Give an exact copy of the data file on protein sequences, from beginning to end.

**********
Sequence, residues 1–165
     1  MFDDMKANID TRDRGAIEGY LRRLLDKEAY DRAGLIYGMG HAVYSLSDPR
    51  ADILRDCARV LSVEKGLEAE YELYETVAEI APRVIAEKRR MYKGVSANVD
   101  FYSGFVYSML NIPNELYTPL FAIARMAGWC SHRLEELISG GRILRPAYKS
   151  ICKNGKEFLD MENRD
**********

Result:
Sequence, residues 1–165
     1  MFDDMKANID TRDRGAIEGY LRRLLDKEAY DRAGLIYGMG HAVYSLSDPR
    51  ADILRDCARV LSVEKGLEAE YELYETVAEI APRVIAEKRR MYKGVSANVD
   101  FYSGFVYSML NIPNELYTPL FAIARMAGWC SHRLEELISG GRILRPAYKS
   151  ICKNGKEFLD MENRD